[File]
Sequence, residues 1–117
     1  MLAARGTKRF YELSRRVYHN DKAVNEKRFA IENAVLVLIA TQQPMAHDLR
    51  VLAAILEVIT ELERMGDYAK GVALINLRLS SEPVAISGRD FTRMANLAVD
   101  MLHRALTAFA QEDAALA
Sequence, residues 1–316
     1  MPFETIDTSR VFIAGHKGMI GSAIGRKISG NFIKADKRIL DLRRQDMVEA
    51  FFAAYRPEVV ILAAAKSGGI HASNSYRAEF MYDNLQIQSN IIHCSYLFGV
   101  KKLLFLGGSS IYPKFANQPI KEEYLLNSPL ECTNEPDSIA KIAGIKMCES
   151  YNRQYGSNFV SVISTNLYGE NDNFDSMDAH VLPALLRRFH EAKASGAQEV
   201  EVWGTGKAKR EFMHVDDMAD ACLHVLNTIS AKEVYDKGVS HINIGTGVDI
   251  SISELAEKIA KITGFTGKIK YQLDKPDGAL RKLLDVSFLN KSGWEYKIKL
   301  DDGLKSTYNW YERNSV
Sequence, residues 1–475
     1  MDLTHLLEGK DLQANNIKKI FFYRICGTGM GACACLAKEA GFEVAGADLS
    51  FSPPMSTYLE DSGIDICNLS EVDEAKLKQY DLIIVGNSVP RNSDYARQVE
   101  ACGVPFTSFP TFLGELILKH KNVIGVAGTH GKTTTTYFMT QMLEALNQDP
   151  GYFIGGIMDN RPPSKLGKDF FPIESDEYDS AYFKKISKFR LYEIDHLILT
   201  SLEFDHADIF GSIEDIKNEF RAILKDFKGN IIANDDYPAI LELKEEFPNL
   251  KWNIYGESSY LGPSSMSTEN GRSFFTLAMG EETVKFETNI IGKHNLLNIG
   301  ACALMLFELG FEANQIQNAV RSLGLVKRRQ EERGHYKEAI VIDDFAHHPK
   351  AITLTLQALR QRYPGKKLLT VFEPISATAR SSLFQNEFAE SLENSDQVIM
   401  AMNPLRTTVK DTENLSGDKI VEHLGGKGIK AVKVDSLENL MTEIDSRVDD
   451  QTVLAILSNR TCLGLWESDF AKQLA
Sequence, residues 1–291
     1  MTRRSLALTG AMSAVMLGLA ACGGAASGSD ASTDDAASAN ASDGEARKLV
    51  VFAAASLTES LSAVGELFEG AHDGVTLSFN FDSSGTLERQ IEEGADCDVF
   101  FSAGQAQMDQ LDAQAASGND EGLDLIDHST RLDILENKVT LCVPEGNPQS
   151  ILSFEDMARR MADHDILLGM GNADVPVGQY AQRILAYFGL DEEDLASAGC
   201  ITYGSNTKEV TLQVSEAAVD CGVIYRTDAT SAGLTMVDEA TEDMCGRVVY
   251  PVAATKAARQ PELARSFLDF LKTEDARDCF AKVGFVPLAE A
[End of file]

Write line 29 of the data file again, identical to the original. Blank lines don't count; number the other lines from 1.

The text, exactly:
   201  ITYGSNTKEV TLQVSEAAVD CGVIYRTDAT SAGLTMVDEA TEDMCGRVVY